London 2012: Mothers launch 100 days of peace campaign
The mothers of two murdered London teenagers have launched a peace campaign as part of the build-up to the Olympic Games.
Margaret Mizen and Grace Idowu's sons - Jimmy, 16, and David, 14, - were both stabbed to death in 2008.
The 100 days of peace campaign has been designed to encourage young people to be a positive and peaceful force within their communities.
The campaign mirrors a truce instigated during the ancient Games in Greece.
This enabled competitors to reach Olympia without being attacked as they passed through states at war.
The project marks 50 days of peace before and after the Games.
"I don't think the Games alone will stop people hurting each other, but I do believe that the Olympic legacy will be one of peace and we can start working for change and that's one of the amazing things," said Mrs Mizen.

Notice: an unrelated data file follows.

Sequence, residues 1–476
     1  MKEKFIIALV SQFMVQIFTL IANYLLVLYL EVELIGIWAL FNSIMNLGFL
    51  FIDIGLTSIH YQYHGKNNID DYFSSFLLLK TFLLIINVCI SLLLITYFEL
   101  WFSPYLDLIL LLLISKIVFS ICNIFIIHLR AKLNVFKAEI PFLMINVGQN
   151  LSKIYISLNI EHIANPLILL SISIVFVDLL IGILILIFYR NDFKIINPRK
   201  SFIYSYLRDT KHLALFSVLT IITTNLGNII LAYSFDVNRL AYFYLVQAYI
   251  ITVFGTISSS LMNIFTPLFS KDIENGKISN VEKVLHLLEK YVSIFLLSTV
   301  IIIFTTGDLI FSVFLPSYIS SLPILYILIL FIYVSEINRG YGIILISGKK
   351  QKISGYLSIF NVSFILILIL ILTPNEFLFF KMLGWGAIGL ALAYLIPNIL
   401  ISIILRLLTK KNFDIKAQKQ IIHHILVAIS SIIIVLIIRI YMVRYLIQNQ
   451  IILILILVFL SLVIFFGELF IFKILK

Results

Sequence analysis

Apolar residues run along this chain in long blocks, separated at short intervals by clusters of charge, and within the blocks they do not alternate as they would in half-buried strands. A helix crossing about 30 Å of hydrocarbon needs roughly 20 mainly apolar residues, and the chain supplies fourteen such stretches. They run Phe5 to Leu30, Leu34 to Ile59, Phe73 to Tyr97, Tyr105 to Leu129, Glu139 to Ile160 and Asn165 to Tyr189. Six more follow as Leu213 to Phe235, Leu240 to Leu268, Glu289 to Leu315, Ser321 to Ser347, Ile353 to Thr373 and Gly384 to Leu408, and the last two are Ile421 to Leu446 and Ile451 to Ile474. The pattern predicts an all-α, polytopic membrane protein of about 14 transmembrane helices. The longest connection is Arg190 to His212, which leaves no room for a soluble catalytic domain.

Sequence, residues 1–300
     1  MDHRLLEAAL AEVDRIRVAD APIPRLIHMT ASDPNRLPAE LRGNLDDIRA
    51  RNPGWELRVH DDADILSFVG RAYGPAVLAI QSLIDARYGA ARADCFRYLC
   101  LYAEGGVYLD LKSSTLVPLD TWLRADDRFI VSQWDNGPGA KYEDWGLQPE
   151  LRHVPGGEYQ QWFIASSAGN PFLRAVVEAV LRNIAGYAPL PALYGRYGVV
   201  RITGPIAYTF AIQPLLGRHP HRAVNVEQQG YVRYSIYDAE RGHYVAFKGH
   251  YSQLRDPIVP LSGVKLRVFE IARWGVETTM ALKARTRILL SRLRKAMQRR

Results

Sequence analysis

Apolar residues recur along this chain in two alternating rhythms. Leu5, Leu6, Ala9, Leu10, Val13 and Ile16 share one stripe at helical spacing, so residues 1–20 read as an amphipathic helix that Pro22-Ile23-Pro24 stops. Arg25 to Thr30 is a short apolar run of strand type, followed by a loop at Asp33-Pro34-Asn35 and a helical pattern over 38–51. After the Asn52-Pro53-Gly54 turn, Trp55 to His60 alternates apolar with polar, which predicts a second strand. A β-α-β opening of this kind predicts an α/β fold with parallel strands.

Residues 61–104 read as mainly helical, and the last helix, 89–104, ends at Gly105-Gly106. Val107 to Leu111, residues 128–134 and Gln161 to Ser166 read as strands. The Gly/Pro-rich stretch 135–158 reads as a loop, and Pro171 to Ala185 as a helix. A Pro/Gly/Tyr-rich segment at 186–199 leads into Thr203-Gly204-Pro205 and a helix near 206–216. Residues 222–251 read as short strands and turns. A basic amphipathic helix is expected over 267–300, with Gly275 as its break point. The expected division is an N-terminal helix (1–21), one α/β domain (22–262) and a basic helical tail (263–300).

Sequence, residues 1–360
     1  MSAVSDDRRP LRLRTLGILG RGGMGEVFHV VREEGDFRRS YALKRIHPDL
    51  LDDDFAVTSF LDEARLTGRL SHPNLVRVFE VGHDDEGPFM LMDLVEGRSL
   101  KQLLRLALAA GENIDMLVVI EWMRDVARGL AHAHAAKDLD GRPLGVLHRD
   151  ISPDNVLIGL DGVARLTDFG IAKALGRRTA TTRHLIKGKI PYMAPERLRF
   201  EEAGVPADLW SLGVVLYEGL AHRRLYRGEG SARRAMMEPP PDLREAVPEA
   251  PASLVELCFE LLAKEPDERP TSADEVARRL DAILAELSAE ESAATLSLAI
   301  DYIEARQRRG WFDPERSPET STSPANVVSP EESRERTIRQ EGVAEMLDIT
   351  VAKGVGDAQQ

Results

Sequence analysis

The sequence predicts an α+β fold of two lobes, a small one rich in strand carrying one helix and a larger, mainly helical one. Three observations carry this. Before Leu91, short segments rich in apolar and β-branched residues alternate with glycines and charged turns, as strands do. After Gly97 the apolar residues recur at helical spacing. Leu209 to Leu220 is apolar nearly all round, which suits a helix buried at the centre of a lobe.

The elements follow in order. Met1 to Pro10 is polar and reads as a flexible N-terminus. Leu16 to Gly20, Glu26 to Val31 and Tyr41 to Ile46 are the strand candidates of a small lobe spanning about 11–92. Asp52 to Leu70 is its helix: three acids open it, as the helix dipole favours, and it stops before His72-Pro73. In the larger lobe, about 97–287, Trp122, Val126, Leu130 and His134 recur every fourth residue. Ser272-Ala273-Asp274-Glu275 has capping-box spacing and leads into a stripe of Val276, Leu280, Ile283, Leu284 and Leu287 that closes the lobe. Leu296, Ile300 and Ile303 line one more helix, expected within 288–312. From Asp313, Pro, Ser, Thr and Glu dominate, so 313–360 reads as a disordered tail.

"We're realistic; we know things could still happen, but that'll make us even more determined to do something."
Ms Idowu said: "Together, me and Margaret are going to work for peace all over the UK.
"We're going to work for peace for the safety of our community and for the safety of this nation as well."
Speaking at the launch, London mayor Boris Johnson said: "In an embittered, cynical, twisted world I think it's a little flash of positive action and I'm very pleased to support it."
Jimmy was killed when he was stabbed in the neck in a bakery in Lee, south-east London, while David died 20 days after he was stabbed outside his house in south London.
Since their sons' death, both mothers have visited schools, prisons and young offenders institutes to raise awareness of the consequences of violent crime.